We descended from the bridge into Brooklyn where the first of countless New Yorkers came out to bless us and feed us and celebrate us as we passed through their multifarious neighborhoods. Those New Yorkers held aloft signs. Some named their hero: ‘Daddy, we’re proud of you!’ ‘Miss Jones, Grade 4 think you rock.’ ‘Lucy, marry me. Please shower first.’ Others were philosophic: ‘Pain is temporary, glory is forever.’ ‘Pain is temporary, Facebook is forever.’ And, ‘Pain is just French for bread.’ 

 

 

 

 

And one sign humbled me with, ‘Stranger, I salute you.’ (The shock of the true. Who is this who speaks thus to my soul?)

 

 

 

I was dreaming I suppose when a sign told me I’d run three miles in 29 minutes. Too fast! I knew already my hope of a good time was ruined, the work of mutinous legs and wild ambition.

 

 

 

 

Bluetooth carried music through my hearing aids. Suzanne started me, followed by Sisters of Mercy, then Hey, That’s no Way to say Goodbye, So Long Marianne, and so on, through the Leonard Cohen songbook, eighteen songs over one hour and 18 minutes. From the Start on the bridge from Staten Island the entire album carried me into Brooklyn, but not beyond. This, I realised, would be a slow marathon of many albums. “Graceland” next.

 

 

 

 

Numerous young women brandished warning signs: ’Run faster, I just farted.’ (How rude.)

A tall black man at a pedestrian crossing held a sign that urged the endless passing stream, ’Speed up. I’m waiting to cross.’ (I larrfed.)

 

 

 

 

We runners too wove a legible thread, of words worn on our bodies, some playful, some sombre. I read tee-shirts as I ran. Cancer was condemned, Muscular Dystrophy unpopular, diabetes damned.  When I read ‘Pancreatic Cancer’ – remorseless killer of numerous close to me – I gulped. Quite a few runners simply wore the two names, ‘Martin Richard’, without elaboration. Those names rang a bell from Boston, 2013; Martin Richard was the 8-year old boy blown up by the gormless younger bomber. The photograph in the papers showed a child standing on the pavement, gazing outward; behind him a young man in a peaked cap, at his feet the fatal backpack. That was Memorial Day in Boston, 2013, the day our folly lost its innocence.

 

 

 

 

Other signs memorialized a friend or parent – ‘This is for you Dad’ – occasionally the name and likeness of a child lost to cancer. ‘Charlene 10/13/08 – 2/9/14.’ All lightness sinks when you run behind that shirt and you contemplate the heartsickness of the wearer. Others wore the names of the Pittsburgh Eleven. (I was one of those.)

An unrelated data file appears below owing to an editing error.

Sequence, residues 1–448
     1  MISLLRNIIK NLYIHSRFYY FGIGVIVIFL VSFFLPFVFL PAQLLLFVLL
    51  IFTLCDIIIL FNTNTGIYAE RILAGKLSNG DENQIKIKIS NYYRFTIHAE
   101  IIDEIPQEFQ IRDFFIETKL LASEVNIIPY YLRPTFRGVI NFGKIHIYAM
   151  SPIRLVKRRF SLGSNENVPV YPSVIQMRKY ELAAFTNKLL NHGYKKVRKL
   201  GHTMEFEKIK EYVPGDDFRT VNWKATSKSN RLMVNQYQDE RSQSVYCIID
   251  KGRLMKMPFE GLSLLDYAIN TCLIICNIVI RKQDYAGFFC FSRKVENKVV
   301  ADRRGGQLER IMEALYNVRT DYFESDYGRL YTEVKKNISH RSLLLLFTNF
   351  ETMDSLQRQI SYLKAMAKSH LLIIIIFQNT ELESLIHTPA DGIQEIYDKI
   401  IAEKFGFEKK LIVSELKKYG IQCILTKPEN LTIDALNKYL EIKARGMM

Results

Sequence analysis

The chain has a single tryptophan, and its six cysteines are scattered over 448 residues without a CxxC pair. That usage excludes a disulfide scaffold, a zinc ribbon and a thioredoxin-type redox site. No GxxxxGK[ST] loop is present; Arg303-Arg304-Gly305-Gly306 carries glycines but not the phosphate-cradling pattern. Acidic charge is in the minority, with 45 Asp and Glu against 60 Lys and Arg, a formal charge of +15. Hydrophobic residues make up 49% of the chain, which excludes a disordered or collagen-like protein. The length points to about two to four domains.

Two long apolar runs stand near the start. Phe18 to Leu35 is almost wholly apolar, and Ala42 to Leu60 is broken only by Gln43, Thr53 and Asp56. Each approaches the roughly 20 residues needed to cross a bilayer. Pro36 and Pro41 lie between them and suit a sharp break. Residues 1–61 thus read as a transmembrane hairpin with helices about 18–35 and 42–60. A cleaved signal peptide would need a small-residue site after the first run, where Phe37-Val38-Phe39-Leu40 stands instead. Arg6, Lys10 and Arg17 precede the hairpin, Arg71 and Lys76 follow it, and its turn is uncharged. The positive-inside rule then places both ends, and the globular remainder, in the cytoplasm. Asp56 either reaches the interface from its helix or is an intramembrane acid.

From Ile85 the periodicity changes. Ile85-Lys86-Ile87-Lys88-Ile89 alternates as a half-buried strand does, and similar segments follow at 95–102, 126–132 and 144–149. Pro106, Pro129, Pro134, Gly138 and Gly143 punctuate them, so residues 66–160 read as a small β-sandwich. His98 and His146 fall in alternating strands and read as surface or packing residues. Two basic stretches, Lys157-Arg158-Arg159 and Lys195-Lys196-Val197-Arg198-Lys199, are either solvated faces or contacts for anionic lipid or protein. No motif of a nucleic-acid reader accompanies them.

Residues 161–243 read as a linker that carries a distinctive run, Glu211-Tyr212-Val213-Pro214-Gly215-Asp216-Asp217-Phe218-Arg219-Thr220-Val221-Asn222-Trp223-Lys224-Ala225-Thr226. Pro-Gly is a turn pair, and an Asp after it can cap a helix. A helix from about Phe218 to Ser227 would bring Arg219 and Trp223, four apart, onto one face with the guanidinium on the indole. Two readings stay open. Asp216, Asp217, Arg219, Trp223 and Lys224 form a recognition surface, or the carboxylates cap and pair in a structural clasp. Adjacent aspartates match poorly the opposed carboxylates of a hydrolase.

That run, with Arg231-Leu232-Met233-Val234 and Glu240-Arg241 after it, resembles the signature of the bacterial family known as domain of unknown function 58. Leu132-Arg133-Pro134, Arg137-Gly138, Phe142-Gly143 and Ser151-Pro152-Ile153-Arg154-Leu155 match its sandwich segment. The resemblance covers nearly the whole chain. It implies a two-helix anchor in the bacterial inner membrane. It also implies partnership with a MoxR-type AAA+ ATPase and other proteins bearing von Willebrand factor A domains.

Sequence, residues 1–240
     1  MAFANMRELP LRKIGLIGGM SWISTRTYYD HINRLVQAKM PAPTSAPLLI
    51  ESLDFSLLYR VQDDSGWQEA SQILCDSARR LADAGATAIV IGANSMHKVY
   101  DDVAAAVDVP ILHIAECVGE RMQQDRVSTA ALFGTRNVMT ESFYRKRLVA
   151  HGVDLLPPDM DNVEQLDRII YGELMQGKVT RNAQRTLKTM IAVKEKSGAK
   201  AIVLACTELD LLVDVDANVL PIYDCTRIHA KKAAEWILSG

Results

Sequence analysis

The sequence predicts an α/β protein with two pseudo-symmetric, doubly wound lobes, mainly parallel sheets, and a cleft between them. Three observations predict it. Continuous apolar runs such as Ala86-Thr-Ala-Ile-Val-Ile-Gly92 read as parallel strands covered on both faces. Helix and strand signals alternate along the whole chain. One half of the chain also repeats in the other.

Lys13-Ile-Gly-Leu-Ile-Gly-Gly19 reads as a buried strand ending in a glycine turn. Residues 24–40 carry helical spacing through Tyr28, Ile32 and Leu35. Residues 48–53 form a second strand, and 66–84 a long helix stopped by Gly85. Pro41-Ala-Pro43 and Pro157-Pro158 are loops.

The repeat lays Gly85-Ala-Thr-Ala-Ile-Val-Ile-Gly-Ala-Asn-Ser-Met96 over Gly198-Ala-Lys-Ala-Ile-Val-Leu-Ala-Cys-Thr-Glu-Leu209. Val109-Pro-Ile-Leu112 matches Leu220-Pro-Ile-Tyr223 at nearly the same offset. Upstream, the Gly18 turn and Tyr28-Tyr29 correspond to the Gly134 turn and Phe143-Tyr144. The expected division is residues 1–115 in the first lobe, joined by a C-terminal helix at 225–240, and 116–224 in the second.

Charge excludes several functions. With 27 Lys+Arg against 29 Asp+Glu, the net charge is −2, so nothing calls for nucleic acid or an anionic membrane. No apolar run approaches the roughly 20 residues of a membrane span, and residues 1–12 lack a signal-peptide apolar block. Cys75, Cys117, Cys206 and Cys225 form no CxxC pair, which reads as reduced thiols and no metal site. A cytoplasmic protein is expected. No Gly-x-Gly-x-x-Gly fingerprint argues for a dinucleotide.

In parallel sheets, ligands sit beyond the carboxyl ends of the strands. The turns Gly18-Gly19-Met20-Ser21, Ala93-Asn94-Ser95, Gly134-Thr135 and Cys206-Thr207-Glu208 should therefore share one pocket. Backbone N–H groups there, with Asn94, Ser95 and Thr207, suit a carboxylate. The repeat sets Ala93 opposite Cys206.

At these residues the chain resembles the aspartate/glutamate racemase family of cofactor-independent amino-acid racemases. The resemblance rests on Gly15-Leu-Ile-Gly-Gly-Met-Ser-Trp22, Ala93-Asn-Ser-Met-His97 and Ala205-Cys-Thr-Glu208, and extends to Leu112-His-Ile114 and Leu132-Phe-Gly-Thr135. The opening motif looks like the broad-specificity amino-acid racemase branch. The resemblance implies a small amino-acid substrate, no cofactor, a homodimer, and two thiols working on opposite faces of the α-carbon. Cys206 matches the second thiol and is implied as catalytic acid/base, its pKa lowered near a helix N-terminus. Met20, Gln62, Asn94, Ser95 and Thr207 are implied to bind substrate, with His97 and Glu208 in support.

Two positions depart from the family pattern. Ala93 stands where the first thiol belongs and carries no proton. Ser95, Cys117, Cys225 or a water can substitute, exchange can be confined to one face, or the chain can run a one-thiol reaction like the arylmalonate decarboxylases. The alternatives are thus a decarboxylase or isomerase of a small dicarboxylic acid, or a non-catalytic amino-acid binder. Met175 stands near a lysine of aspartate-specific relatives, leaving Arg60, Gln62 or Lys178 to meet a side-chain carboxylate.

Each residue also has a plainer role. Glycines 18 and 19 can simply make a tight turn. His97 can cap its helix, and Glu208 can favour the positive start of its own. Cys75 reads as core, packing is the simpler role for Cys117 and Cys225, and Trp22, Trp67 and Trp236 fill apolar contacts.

After I’d run a couple of hours an ugly low bridge loomed ahead. That bridge (by name, Pulaski)  obeyed New York’s Law of Concrete Bridges, which ordains a cement surface, pitted and rutted, intensely hostile to the runner’s foot, ankle, knee and hip. The bridges of New York City are many. Next comes Queensboro, the great bridge from Queens to Manhattan. Lying in wait are the Willis Avenue Bridge and the Madison Avenue Bridge. The five bridges of concrete reality.

 

 

 

 

The Pulaski marks 13 miles, the halfway mark. By all accounts Mister Pulaski was a good bloke: 

www.polishamericancenter.org

 

[Kazimierz Pułaski, (English Casimir Pulaski, born March 6, 1745, Warsaw, Poland—died October 11/15, 1779, aboard ship between Savannah, Georgia, and Charleston, South Carolina, U.S.), was both a Polish patriot and U.S. colonial army officer, hero of the Polish anti-Russian insurrection of 1768.]

 

 

 

 

Good bloke or otherwise, to the runner, Pulaski means fatigue. By this point 13 miles felt to me quite sufficient. A tee-shirt ahead of me agreed: “Why didn’t Pheidipides fall at 13 miles?” Up, jolting and wincing, up Pulaski and over, and there, two-and-a -half miles ahead rose the great metallic arcs of the vast Queensboro.

 

 

 

 

In the company of The Boy in the Bubble I started the long climb. Into Graceland and beyond I climbed on. With Diamonds in the Soles of her Shoes I climbed still. Outside my earphones the world was quiet. Runners ran and breathed and grunted with effort. No crowds on the bridge, no wild animating distractions.